During my enforced temporary break from the cello I've had lots of realizations: One of the biggest is how hugely important the bow is to music making in a multi-dimensional way. Of course it is a fine instrument in and of itself. It requires a lifetime of study and attention. But the true magic of the bow comes from truly feeling it with incredible sensitivity and care...it lives and breathes. It will do anything that your heart feels if you learn how to use it and combine that with the wonderful sense of touch and hearing that we are gifted to have. And lastly, imagination: wherever you go in your mind, whatever you dream...there is a sound that can be painted with the bow to match it. Can you find that sound? This is the amazing journey of the bow... - April 29th's facebook status by Steve Balderston, cellist and Professor of Cello at DePaul University
So true. So true. Thank you for the wonderful reminder and insight!
All the time I see students holding their emotions, worries, stress inside their body which changes their cello's sound. For example, a student may be nervous about m54 from the very beginning of a piece. This anxiety has physical consequences which directly affect how their bow makes their cello sound during the entire piece. Even general stress and anxiety from life can change how your bow/body interacts with the cello. Believe me, I know!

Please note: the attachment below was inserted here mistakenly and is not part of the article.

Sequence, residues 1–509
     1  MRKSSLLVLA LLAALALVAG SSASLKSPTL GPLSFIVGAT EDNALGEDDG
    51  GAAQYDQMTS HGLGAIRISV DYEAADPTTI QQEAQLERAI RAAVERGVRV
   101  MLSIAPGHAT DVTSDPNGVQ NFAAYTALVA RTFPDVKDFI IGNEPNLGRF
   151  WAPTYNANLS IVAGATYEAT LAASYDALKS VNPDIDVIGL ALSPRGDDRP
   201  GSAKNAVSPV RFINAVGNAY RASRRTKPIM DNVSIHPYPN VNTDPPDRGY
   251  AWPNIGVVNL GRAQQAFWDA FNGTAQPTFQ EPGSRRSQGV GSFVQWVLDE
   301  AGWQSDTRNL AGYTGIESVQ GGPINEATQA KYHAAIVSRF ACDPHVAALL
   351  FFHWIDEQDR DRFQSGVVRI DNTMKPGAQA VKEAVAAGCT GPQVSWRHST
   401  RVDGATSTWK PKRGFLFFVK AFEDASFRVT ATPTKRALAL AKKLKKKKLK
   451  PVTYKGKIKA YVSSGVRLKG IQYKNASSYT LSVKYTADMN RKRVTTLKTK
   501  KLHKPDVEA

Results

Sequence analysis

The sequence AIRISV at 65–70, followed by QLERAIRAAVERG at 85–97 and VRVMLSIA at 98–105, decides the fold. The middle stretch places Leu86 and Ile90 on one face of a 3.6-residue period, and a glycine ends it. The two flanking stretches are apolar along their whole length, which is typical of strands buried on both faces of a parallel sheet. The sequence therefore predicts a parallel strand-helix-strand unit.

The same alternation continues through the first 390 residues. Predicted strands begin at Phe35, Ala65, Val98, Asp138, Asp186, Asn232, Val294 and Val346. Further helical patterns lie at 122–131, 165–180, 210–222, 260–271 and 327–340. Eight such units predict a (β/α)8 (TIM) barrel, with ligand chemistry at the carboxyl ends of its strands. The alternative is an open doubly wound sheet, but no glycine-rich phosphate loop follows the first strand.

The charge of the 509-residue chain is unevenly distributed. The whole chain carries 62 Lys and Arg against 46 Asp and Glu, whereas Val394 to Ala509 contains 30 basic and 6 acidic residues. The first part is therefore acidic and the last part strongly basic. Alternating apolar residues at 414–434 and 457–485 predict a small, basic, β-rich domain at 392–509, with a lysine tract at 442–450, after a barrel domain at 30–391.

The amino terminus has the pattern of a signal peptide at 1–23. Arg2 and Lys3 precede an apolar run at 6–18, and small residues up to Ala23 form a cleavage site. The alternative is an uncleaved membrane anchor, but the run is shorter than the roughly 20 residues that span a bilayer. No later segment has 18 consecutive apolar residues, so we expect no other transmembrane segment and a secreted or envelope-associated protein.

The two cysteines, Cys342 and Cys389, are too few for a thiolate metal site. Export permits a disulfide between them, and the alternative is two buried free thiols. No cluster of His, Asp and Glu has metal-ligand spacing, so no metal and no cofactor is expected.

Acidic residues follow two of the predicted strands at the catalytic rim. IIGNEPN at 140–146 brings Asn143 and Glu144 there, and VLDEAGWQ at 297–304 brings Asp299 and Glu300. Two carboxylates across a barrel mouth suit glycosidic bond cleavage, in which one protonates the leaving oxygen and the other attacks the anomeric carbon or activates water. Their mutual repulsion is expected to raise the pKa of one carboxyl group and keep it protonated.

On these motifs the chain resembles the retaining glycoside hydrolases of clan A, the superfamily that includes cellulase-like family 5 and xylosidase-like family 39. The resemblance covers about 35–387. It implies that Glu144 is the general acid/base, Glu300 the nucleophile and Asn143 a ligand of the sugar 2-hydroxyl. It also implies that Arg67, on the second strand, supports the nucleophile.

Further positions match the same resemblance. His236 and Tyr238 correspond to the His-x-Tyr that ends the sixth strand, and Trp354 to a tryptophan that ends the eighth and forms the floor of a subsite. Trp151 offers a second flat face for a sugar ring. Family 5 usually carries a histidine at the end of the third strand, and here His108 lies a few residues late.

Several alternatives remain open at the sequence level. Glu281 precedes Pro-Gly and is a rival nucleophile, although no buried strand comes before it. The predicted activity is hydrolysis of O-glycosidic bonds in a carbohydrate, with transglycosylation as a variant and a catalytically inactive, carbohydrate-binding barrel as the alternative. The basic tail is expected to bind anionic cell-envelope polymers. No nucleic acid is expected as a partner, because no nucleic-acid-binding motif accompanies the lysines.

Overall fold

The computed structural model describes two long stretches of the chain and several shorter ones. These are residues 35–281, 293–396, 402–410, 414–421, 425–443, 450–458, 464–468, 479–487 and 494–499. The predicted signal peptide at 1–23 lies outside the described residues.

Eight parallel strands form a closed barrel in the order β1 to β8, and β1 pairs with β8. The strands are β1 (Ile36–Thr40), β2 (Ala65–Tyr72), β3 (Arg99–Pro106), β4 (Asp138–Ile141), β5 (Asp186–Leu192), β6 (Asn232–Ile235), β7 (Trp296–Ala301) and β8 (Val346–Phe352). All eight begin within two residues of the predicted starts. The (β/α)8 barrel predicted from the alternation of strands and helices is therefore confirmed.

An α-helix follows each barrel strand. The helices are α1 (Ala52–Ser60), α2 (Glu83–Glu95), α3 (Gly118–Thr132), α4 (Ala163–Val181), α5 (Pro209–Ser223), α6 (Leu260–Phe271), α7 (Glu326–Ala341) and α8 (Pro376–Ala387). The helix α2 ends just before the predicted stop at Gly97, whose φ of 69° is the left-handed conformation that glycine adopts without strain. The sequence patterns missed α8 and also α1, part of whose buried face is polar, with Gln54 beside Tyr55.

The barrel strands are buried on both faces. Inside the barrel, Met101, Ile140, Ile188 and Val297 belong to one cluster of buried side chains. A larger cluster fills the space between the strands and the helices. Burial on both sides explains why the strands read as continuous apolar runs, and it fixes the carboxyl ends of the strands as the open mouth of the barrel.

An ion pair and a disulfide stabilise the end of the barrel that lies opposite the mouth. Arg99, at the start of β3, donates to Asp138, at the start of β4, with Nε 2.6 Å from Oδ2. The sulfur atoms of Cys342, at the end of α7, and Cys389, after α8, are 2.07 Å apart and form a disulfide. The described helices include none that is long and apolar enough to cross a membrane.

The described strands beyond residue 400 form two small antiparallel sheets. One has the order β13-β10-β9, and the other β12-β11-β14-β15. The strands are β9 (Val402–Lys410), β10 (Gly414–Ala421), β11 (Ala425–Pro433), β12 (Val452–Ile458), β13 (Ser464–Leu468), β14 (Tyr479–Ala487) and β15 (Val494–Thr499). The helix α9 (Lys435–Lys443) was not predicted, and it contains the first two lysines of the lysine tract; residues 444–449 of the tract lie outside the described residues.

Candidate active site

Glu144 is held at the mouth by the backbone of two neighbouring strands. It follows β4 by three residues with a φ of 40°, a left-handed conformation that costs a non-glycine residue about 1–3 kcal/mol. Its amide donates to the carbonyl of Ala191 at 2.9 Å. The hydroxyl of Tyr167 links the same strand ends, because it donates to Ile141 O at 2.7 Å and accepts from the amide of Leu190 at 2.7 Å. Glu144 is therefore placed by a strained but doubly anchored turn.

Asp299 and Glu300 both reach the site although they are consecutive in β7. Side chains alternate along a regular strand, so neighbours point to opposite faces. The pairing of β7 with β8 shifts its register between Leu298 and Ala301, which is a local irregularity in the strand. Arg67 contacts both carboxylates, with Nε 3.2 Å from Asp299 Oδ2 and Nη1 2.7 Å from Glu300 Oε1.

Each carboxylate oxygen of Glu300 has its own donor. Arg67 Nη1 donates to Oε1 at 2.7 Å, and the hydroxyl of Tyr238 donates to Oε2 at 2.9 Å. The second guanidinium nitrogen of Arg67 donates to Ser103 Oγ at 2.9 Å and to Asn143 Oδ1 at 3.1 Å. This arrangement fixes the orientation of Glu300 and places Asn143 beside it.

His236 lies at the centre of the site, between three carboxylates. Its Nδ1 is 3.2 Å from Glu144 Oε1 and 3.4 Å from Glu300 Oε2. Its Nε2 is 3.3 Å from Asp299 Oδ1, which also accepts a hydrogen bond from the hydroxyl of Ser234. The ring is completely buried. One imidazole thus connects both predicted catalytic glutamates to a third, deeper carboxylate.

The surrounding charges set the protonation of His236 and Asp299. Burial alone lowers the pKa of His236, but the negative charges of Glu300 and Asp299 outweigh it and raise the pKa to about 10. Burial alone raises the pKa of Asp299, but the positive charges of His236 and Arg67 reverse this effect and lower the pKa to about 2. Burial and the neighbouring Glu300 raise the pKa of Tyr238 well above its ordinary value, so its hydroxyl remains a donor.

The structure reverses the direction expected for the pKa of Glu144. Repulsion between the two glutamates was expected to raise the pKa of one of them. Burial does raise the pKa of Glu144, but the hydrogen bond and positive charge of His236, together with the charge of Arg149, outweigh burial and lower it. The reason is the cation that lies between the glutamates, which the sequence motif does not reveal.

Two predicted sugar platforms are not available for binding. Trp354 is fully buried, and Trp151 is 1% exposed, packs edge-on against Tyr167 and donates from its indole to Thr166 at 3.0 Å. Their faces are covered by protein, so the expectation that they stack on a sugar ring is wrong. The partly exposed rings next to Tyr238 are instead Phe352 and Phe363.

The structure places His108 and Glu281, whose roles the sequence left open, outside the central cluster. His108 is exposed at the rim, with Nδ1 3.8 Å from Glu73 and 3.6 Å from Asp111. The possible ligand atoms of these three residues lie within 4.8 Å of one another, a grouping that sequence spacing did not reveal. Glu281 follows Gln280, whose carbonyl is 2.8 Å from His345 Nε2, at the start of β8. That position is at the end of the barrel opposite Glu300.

Love, happiness, and fulfillment can easily flow through your arm, into the bow, and out of your instrument when your body allows it. Even nervous energy, stress, anxiety, and worry - although usually unpleasant experiences at first - can have a beautiful sound if released into the cello with the right sensitive and caring touch. (Often times, these sounds end up being my favorites!)
How does one do this? My best advice (today) is to acknowledge what's going on inside and then breathe through whatever you're working on. Consciously releasing "it" into the instrument via breath can have some wonderful results!